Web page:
Even if seasons restart, athletes need time to get back into shape
For players, the difference between merely working out and playing games will be a significant jump, and experts say things shouldn’t be rushed.
Making it safe for America’s professional sports teams to start playing games is one thing.
Making sure athletes are in game shape is another.
The coronavirus pandemic brought sports to a halt, but stay-at-home orders are starting to be eased and a handful of NBA teams are opening practice facilities.
For players, the difference between merely working out and playing games will be a significant jump, and experts say things shouldn’t be rushed. With athletes unable to simulate game or even practice activity at home, they will need time before resuming competition.
“Whatever the amount of time is, just know that players will have the input and say so because we’re the ones that’s playing, and that comes first,” said Oklahoma City Thunder guard Chris Paul, president of the National Basketball Players Association. “We don’t ever want to put guys in a situation where their injury risk is high. It varies from player to player. But it’s at least got to be three to four weeks.”
Charlotte Hornets coach James Borrego said players could be at different points based on their access to equipment.
“There’s veterans out there that may have a court in their home, in their facility and they’re probably a little bit more ready to go than others,” he said. “I think we’re talking weeks. This isn’t something where after one week these guys are ready to go.”
NHL Commissioner Gary Bettman has said on multiple occasions he believes a two- to three-week training camp would be needed before the season resumes. Many hockey teams have had trainers send at-home workout routines to players, but few if any have been on the ice in months.
“As much as I could mentally be in game mode, your body’s not ready for it if you don’t get a full offseason of training and if you don’t get to play a long training camp with like seven exhibition games,” Los Angeles Kings defenseman Drew Doughty said. “If you only get a week training camp with a couple exhibition games, you’re going to ruin your body.”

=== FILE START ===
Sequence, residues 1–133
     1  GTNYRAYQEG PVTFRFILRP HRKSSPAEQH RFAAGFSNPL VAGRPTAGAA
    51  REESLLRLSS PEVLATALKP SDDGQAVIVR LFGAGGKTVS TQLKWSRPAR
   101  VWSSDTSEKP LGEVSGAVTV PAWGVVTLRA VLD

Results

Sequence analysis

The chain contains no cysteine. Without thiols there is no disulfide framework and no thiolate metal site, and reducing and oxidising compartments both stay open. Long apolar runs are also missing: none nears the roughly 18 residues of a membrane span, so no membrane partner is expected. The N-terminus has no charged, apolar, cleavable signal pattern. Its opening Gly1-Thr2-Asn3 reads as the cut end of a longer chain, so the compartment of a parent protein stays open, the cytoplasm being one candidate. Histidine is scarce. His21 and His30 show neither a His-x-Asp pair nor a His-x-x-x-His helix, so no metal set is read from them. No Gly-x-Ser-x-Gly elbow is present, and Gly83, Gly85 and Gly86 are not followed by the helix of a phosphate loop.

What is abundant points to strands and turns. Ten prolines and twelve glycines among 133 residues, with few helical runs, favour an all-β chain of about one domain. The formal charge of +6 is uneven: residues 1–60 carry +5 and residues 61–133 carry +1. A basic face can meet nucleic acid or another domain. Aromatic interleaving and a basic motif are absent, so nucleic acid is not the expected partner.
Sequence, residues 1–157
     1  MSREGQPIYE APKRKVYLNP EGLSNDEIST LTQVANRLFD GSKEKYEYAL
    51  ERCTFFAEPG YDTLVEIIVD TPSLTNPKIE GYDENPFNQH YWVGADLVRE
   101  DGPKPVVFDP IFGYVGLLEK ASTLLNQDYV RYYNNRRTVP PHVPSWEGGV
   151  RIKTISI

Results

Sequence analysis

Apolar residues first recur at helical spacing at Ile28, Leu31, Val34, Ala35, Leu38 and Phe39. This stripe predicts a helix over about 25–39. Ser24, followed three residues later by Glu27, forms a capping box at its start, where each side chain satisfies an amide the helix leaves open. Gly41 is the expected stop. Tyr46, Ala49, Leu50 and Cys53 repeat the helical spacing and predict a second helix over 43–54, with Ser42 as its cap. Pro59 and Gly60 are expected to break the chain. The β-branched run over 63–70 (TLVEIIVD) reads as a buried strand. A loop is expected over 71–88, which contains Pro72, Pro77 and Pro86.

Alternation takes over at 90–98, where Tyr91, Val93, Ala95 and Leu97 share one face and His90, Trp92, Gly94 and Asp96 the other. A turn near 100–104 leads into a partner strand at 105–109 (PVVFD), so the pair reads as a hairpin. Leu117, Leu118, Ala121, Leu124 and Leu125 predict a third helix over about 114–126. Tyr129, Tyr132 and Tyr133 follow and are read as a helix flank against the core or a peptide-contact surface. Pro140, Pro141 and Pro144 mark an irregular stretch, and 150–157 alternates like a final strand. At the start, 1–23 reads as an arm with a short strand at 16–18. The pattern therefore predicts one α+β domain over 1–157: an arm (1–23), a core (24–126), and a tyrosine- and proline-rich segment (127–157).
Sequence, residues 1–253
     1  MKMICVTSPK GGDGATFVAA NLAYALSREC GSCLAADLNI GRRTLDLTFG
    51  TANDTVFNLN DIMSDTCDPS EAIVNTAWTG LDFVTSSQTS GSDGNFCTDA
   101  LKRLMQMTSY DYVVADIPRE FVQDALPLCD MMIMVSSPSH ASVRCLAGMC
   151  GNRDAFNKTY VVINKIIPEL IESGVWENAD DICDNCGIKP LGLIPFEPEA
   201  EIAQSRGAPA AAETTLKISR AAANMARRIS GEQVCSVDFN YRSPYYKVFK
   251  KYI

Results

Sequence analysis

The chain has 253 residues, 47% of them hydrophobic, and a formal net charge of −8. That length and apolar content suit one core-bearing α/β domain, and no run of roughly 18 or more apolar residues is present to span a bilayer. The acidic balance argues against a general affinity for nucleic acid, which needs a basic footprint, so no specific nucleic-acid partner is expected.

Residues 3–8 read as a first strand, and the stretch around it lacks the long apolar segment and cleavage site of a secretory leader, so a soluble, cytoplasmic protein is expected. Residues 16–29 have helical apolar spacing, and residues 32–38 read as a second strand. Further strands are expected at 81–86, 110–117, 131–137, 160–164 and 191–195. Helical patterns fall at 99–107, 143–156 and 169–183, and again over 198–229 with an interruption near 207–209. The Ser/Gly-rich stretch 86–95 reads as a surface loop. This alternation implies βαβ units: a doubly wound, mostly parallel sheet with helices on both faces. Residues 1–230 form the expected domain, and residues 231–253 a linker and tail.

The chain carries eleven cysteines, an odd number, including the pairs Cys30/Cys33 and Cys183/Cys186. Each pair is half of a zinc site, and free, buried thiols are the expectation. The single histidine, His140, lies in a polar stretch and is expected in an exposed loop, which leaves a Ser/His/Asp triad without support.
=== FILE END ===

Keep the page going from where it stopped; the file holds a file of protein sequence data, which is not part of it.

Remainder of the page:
Edmonton Oilers forward Alex Chiasson said it is on the athlete to be ready.
“That’s going to be on us,” he said. “We’re professional athletes. We’ve got to make sure we prepare. It’s not easy, but it is what it is, and we’ve got to deal with the situation as best as we can.”
While basketball and hockey were nearing their playoffs, baseball was in spring training when sports were shut down. It created a particular wrinkle for pitchers, who tend to train methodically toward full games.
Washington Nationals general manager Mike Rizzore said he expects another period that resembles spring training before games are played.
“The most important part of any spring training is preparation for your pitchers, especially your starting pitchers,” Rizzore said. “Whenever you have to expedite a spring training, that’s probably the most impactful decision that you have to make: how to ramp them up.”
Baltimore Orioles GM Mike Elias agreed.
“When baseball does come back, you have to worry about guys going a very small number of innings,” he said. “I don’t know that we’ve come up with a solution to that. ... The public health guidelines makes it tough to do it without a training staff and coaches. Some of the pitchers are throwing into nets in their backyards and hitters are hitting off the tee.”
Tampa Bay catcher Mike Zunino said the pitchers were his biggest concern.
“The biggest worry is injuries,” he said. “It’s one of those things, I think guys are staying in shape, they’re throwing now. Hopefully a few weeks is enough. I think we’ll have to be smart as the season opens to keep guys fresh.”
Dr. Mike Reinold, senior medical adviser for the Chicago White Sox, said the challenge for pitchers has been how to at least maintain what they gained from their previous spring training progression.
“It will take around three weeks to get a starting pitcher likely ramped up to five innings, but that assumes that they have done the work to maintain themselves and are ready to even start that progression,” he said.
Reinold said preparing is complicated because there is no return date set: “They need to know when to peak.”
“That’s a big, important concept when we’re trying to get our athletes ready for a competitive season that they’re building for,” he said. “This is the first time in my career that we’ve ever not had that.”
Pittsburgh Pirates manager Derek Shelton said assessing each player’s condition after the layoff will be a key part of getting things rolling again. He said those conversations are happening even now.
“We don’t need a soft-tissue (injury) because guys were a little bit behind,” he said. “That’s why the openness of the player and the conversations we’re having now are so important so we have a baseline coming in.”
Milwaukee Brewers general manager David Stearns said a second preseason probably wouldn’t need to be too long once it’s deemed safe.
“Once it’s safe, we can turn this thing on pretty quickly,” he said.
Elias agreed: “We will be ready, and baseball will be ready for America when America is ready for us.”